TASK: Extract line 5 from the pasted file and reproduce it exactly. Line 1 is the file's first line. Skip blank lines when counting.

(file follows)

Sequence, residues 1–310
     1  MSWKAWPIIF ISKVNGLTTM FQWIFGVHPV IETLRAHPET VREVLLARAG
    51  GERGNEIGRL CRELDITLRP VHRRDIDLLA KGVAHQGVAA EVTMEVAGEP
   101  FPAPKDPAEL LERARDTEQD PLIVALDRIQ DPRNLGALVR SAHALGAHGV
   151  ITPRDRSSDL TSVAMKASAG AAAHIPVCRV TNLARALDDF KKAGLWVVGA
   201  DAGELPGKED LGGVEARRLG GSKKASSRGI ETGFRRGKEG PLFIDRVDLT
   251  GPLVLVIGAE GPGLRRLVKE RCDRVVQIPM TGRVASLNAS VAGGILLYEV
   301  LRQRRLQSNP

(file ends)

   151  ITPRDRSSDL TSVAMKASAG AAAHIPVCRV TNLARALDDF KKAGLWVVGA